In 117 out of 178 adult ROIs (14 ROIs × 13 subjects – 4 ROIs with

In 117 out of 178 adult ROIs (14 ROIs × 13 subjects – 4 ROIs without tool or animal picture-selective voxels), the category preference for words corresponded with the local preference for tool or animal pictures. A sign test revealed that the probability of observing this proportion by chance is p < 0.0001. We therefore LBH589 concentration concluded that the category-selective response patterns for tools and animals in the adult brain were consistent across

stimulus format. In contrast, in both groups of children, the proportion of ROIs with a corresponding category preference words and pictures was at chance level (9- to 10-year-olds: 64 out of 134 ROIs: p = 0.33, 7- to 8-year-olds: 72 out of 144 ROIs: p = 0.53), so, in both younger and older children, selleck inhibitor the local category preference for words and pictures was unrelated. Chi-square tests showed

that adults had significantly higher proportions of areas with picture-like activations for words than the youngest and oldest group of children (overall age difference: χ2 = 12.56, df = 2, p = 0.002; adults vs 9- to 10-year-olds: χ2 = 10.134, df = 1, p = 0.001, adults vs 7- to 8-year-olds: χ2 = 8.13, df = 1, p = 0.004, 9- to 10-year-olds vs 7- to 8-year olds: χ2 = 1.39, df = 1, p = 0.71). We used Chi-square tests rather than ANOVA’s for this age comparison because the measure (whether ROIs show a corresponding category preference for words and for pictures or not)

is categorical. In general, both examined BOLD-related confounds were higher in children than in adults. To test whether between-group differences in BOLD-related confounds could explain the absence of sensorimotor activations for words in children, Clomifene we compared the consistency of category preferences across stimulus format in subgroups of 9 adults and 9 children matched on these confounds (see Section 2 and Appendix B, Table 1). Confound-matched adults showed significantly more areas with a corresponding category preference for words and pictures than confound-matched children (χ2 = 5.54, df = 1, p = 0.019). Moreover, sign tests revealed that the number of areas with a corresponding preference for tool or animal words and pictures was higher than chance-level in adults (p < 0.001) but not in children with similar levels of BOLD confounds (p = 0.235). Thus, the absence of sensorimotor activation when children read familiar words, was not due to BOLD-related confounds. Embodiment theories and research supporting these theories for adults, suggest that printed word meaning is at least partially represented in cortical regions that also process sensorimotor properties of the object categories described by these words (Barsalou, 2008, Fischer and Zwaan, 2008 and Pulvermueller, 2013). During reading training, children learn to extract semantic information from abstract words shapes.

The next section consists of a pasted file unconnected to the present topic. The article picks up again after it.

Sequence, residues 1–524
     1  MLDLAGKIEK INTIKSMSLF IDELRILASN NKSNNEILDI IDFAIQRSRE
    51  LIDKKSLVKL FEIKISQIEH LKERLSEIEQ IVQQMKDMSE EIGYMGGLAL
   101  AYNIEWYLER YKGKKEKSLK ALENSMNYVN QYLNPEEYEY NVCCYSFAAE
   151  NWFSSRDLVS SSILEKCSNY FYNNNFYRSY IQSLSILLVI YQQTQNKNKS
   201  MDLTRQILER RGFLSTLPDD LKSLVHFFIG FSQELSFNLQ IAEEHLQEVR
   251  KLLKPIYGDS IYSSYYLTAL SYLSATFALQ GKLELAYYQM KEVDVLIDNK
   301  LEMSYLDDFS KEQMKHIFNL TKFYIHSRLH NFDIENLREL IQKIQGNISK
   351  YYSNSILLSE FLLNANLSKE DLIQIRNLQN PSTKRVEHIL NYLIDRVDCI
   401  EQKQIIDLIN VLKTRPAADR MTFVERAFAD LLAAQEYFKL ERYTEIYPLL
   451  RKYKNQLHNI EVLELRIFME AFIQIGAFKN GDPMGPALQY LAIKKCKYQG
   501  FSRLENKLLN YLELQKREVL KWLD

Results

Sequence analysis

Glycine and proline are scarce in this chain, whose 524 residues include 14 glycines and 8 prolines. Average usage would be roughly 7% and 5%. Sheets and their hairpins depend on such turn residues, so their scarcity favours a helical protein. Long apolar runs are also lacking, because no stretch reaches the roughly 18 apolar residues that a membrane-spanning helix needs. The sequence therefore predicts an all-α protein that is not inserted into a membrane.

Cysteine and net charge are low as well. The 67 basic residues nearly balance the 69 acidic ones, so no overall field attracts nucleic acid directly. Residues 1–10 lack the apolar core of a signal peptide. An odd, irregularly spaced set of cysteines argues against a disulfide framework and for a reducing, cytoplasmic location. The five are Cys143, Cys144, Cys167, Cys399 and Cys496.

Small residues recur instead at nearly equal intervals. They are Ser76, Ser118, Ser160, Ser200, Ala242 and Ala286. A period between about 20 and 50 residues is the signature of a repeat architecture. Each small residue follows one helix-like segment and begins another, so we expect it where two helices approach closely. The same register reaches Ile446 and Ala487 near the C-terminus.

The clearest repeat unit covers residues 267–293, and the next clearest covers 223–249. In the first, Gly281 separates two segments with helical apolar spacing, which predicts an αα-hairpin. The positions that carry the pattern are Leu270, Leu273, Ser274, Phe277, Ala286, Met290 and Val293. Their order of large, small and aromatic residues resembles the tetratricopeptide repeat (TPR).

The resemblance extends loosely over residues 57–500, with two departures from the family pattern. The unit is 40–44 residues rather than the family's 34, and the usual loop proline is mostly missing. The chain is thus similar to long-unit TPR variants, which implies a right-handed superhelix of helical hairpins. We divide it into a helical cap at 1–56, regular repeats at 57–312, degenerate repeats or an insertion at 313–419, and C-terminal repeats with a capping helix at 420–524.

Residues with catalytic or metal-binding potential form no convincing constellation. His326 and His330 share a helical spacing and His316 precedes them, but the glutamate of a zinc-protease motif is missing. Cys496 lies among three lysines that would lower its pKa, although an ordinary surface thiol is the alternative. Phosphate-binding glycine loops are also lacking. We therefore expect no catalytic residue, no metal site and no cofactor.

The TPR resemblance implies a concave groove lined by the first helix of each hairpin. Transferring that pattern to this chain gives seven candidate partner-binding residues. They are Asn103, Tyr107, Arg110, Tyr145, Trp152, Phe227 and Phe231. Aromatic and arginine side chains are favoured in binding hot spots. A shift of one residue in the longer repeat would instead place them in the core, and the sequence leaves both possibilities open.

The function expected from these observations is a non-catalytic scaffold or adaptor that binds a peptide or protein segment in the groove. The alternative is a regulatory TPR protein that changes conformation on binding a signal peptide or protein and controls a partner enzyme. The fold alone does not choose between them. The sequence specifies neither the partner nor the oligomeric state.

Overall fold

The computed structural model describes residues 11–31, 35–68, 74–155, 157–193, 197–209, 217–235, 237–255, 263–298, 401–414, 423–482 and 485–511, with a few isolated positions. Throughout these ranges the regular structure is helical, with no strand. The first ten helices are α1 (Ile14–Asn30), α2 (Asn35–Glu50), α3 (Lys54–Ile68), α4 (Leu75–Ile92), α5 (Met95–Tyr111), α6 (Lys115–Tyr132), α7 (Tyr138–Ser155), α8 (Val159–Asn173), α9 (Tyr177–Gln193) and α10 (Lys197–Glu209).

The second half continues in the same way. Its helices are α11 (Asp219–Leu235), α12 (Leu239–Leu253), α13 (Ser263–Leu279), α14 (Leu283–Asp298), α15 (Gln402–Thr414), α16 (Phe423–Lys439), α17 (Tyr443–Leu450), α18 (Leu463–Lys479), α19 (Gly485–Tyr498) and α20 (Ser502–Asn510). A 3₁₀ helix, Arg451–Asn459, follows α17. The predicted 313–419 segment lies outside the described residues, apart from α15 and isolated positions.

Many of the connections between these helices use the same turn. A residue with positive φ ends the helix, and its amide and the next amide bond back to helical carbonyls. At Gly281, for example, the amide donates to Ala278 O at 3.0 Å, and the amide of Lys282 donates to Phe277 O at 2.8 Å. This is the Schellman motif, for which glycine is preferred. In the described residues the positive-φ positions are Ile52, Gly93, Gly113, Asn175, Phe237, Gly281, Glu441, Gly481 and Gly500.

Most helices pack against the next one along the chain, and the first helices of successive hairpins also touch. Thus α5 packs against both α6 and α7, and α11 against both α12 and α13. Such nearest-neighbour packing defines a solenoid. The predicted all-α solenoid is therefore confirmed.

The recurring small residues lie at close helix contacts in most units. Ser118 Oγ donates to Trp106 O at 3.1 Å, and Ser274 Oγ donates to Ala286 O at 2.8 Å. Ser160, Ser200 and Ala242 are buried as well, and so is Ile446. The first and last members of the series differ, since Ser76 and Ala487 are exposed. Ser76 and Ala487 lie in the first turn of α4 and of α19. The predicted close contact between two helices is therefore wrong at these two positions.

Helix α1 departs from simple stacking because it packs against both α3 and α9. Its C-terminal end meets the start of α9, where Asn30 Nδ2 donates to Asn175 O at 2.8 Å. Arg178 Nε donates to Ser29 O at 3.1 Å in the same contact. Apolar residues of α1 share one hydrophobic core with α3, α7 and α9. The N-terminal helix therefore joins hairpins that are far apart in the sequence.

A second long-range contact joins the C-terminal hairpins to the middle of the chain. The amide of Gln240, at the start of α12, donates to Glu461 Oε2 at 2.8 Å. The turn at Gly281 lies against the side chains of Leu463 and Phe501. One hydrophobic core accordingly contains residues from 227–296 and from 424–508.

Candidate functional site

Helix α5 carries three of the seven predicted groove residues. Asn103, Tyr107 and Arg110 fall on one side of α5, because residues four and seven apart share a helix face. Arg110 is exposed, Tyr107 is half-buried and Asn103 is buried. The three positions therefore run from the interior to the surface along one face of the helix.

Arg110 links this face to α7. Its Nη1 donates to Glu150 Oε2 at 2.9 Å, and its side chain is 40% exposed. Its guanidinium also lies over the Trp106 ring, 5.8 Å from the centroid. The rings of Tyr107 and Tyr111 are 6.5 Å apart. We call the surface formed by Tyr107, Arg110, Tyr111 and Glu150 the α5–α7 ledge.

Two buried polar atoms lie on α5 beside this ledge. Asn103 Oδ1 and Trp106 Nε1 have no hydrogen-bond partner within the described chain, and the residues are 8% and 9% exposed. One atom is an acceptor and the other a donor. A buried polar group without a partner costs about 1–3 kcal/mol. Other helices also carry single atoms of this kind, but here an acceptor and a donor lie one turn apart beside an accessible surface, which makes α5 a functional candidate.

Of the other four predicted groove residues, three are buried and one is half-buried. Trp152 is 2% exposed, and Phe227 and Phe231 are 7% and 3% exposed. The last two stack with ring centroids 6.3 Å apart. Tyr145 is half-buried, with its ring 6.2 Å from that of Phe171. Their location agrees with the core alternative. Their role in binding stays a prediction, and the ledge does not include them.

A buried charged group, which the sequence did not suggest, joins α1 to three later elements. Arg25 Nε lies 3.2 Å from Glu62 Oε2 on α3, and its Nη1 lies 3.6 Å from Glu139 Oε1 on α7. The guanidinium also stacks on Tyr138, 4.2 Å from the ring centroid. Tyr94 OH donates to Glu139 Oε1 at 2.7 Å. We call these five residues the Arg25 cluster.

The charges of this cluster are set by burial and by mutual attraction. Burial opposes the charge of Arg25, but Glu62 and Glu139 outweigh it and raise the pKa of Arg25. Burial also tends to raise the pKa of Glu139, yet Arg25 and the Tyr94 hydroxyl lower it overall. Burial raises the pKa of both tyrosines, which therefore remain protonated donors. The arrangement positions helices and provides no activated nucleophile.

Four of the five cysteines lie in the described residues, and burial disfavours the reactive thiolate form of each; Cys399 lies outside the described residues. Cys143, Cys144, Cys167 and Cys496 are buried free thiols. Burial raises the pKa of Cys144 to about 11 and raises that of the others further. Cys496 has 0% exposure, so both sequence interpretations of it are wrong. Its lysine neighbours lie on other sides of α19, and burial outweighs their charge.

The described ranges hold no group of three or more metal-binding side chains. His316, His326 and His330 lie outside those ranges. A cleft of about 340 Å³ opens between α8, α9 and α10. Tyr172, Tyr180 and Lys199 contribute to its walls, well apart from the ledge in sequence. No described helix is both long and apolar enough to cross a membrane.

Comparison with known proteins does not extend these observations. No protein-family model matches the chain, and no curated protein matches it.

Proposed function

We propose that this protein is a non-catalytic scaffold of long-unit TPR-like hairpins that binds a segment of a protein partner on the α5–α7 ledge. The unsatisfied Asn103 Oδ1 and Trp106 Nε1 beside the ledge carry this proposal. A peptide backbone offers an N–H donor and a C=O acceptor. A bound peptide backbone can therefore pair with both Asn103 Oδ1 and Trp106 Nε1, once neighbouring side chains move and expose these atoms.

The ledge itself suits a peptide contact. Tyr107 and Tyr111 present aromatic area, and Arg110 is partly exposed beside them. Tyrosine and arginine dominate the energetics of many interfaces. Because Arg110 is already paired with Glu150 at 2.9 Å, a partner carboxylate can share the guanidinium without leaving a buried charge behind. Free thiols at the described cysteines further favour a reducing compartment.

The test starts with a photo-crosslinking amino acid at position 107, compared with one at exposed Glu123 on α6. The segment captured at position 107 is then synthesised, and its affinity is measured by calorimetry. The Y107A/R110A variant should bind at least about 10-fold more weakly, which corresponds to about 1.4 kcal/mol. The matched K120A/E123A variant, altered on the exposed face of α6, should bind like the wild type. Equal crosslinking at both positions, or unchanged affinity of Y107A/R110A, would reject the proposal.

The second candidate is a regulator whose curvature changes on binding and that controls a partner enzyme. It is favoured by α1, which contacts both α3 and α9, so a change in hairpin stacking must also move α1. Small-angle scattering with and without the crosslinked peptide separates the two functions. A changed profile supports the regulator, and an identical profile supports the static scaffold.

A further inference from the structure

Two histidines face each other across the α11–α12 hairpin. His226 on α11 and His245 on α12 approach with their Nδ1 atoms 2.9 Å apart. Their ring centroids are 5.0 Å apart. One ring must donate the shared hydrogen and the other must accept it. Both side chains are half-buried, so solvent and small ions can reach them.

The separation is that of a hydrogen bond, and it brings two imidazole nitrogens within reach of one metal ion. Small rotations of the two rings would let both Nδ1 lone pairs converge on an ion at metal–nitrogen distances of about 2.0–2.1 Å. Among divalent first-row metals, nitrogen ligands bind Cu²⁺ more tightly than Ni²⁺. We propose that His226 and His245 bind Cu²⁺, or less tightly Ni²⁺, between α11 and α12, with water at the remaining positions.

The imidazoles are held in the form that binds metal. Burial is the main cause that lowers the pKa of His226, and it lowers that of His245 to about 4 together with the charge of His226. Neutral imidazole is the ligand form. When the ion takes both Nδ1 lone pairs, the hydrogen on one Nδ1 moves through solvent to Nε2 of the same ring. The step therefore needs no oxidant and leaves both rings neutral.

com 5th IDF Symposium on Science & Technology of Fermented Milk 6

com 5th IDF Symposium on Science & Technology of Fermented Milk 6-7 March 2014 Melbourne, Australia Internet: http://dairyscienceconf.com Food Structure and Functionality Forum Symposium 0 From Molecules to Functionality 30 March-2 April 2014 Amsterdam, The Netherlands Internet: www.foodstructuresymposium.com Rapid Methods Europe 31 March-2 April 2014 Noordwijkerhout, The Netherlands Internet: www.bastiaanse-communication.com/RME2014 2nd Food Integrity & Traceability Conference 8-10 April 2014 Belfast, N. Ireland Internet: http://www.qub.ac.uk/sites/ASSET2014/ 12th International Hydrocolloids Conference 5-9 May 2014 Taipei, Taiwan E-mail: [email protected] Internet: http://www.2014ihc.com/en/index.html SenseAsia – The

Asian Sensory and Consumer Research Symposium 11-13 May 2014 Singapore Internet: ABT-888 datasheet www.senseasia.elsevier.com IFT Annual Meeting and Food Expo 21-24 June 2014 New Orleans, USA Internet: www.ift.org IPC 2014 – International Conference on Probiotics and Prebiotics 24-26 June 2014 Budapest, Hungary Internet: www.probiotic-conference.net American Dairy Science Association Annual Meeting 20-24 July 2014 Kansas City, MO, USA Internet: www.adsa.org International Union of Microbiological Societies (IUMS) Congress 27 July-1 PI3K activation August 2014 Montreal, Canada Internet: http://www.montrealiums2014.org/ IUFoST World Congress 17-21 August 2014 Montreal, Canada